This is not the post I wanted to write today.
I woke up to the news of the latest gun violence incident, this time in Las Vegas at a country music festival. Two of my friends were there and while thankfully they are safe I can’t help but think about the families and friends of those who were not so lucky.
The video clips showing the chaos and the staccato sound of the gunfire are chilling, disorienting, unreal. But this is the reality of modern life.
I didn’t want to write about this, today or any day.
Last week my son’s school held their annual Lockdown Safety Drill. This is now a requirement for Chicago Public Schools and my son didn’t say much about it. It brought to mind the Duck and Cover drills students did in the 1950s and 1960s in reaction to the Cold War era fears about nuclear war with the Soviets. Bomb shelters in the basements were not uncommon and the Cuban Missile Crisis brought that generation to the brink. I can only imagine how terrifying it would have been to be a child during that time, sensing the fear of the adults around them but not really understanding why they were all under their desks, hearing the sirens scream through the air, with heads tucked down, like some perverse game of duck-duck-goose.
And then the drills stopped, some time in the mid-70s, perhaps when we started to fear enemies closer to home. In the White House, at Kent State, other foes, more domestic than foreign, took center stage for our nightmares.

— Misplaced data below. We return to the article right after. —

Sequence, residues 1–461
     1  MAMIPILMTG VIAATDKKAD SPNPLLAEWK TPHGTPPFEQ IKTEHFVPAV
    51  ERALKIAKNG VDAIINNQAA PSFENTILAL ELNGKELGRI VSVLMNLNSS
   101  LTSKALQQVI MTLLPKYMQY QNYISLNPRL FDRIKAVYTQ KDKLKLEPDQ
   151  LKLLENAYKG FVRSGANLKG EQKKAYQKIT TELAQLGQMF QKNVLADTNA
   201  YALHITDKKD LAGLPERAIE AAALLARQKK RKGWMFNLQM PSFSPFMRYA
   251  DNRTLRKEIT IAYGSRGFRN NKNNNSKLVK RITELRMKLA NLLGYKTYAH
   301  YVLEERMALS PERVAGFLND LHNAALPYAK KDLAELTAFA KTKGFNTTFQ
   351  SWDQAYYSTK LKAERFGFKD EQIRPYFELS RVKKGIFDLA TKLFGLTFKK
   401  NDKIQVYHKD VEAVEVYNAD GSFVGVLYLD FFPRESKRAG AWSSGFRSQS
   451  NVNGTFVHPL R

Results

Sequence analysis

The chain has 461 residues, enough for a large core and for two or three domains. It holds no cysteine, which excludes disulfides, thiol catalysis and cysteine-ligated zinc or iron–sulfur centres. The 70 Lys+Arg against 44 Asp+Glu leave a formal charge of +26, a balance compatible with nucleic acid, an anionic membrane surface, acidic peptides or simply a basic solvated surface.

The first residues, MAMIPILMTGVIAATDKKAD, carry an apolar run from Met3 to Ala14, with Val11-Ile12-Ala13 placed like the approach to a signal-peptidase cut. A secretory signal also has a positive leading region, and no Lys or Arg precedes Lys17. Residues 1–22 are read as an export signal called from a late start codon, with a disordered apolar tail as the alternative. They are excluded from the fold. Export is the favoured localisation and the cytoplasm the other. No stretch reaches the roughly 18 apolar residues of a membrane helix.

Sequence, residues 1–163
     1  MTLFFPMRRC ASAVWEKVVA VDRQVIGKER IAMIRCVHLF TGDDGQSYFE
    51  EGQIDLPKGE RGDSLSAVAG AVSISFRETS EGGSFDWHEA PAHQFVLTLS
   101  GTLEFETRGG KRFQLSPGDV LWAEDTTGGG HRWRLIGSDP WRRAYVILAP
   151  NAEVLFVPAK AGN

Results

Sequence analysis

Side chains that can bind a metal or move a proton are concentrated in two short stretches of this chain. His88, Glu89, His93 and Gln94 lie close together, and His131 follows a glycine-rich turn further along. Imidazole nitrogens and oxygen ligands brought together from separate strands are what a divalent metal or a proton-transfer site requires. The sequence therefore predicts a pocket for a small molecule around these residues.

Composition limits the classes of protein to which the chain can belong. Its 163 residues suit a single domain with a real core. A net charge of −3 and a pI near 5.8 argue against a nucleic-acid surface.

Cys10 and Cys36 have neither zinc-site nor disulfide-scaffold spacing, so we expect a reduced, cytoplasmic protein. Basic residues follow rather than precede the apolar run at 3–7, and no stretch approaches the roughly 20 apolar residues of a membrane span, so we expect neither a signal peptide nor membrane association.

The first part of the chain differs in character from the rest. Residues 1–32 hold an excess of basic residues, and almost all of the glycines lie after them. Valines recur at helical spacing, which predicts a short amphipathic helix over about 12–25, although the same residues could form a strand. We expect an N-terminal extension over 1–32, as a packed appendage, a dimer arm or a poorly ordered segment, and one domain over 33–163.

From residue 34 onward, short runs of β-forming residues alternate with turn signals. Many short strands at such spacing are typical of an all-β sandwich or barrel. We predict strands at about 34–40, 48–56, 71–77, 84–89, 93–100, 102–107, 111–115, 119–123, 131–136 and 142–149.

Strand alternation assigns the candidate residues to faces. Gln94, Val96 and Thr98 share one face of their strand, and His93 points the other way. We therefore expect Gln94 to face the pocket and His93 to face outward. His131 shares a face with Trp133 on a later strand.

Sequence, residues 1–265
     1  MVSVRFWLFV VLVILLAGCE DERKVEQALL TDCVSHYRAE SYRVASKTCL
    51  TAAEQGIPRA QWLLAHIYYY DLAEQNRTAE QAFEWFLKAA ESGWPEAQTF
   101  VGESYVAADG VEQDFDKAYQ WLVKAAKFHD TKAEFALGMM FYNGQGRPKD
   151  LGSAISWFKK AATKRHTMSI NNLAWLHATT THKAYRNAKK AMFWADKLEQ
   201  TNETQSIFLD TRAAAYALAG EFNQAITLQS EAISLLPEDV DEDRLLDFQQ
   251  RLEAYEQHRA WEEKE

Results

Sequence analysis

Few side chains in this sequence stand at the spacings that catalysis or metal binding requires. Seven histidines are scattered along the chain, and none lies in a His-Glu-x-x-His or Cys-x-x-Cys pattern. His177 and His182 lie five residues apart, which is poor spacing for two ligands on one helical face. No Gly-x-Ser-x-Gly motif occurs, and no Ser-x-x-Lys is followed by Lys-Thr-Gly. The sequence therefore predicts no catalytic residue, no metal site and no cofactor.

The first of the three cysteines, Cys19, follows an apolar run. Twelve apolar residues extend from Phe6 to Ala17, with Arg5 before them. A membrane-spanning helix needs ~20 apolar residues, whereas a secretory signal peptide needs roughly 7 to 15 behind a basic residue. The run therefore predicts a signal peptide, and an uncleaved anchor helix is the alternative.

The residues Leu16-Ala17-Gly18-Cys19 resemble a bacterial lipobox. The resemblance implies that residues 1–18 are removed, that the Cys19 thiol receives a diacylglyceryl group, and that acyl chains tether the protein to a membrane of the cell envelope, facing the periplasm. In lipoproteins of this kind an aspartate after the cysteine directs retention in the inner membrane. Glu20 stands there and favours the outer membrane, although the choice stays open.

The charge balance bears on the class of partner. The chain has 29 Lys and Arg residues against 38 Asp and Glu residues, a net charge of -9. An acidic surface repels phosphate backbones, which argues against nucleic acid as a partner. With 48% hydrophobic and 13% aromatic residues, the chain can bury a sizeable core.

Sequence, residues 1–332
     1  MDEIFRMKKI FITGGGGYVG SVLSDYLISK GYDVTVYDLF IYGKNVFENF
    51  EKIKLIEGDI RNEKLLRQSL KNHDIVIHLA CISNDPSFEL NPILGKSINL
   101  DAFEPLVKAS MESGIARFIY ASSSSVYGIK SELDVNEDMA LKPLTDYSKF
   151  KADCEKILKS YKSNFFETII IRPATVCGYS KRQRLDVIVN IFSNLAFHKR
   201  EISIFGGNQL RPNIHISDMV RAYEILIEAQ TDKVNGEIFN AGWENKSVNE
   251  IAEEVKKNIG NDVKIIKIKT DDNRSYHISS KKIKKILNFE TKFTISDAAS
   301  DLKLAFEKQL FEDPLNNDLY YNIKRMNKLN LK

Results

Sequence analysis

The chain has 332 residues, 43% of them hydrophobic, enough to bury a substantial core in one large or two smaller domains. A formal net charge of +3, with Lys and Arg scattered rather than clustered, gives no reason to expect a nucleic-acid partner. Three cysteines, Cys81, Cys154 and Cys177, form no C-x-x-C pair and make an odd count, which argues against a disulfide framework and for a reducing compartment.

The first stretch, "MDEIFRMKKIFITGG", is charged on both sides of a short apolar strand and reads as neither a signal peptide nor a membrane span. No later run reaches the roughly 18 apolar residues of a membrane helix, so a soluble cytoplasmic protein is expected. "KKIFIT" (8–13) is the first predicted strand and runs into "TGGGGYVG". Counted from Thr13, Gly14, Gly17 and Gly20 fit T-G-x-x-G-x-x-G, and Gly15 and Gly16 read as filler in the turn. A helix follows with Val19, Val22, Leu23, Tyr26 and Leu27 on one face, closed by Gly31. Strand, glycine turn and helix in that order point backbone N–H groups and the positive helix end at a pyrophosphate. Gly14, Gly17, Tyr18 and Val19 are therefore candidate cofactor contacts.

When Columbine shootings happened in 1999, it seemed unreal. After 9/11, there seemed to be no limit to the horrible way people could kill each other. And then Sandy Hook in 2012 left us all sobbing as we gazed upon the faces of the lost children and their stricken families. The Pulse Nightclub in Miami. So many others. So much death. So much fear.
And in response, the ridiculous Betsy DeVoss indicated that guns in schools might help us defend against bears. And our even more ridiculous Idiot in Chief expressed his ‘warmest condolences,’ while the NRA spent millions in donations and lobbying in the 2016 election to ensure gun control measures will never see the light of day in the House or the Senate.
I hear sirens in the distance outside, something that happens from time to time and before I had children I honestly never paid much attention to them. But on the morning after yet another senseless massacre, I close my eyes and make a little wish that the emergency isn’t at our school, at any school. I wish them away from anyone, everyone. Did I kiss my boys goodbye this morning when I dropped them off? My heart races, even as the sirens fade away.
It’s so easy to be scared. The President is more concerned about NFL players asserting their First Amendment rights than he is about threatening North Korea with war, and Americans can’t go to a concert without fear. But let’s all just Duck-and-Cover in the classroom for an enemy we can’t pretend to predict or realistically defend ourselves or our children from.
Don’t get me wrong - I want the school to be ready. They have to be ready, just in case the unthinkable happens. But I don’t want this to be the reality. I want them to be scared of the dark and spiders and the occasional bad-tasting cold medicine. I want to be scared of broken arms and hearts, tryouts and letdowns, the occasional book report. These are fears that I can fix, foreign and domestic. But not this. Not today.
Not any day.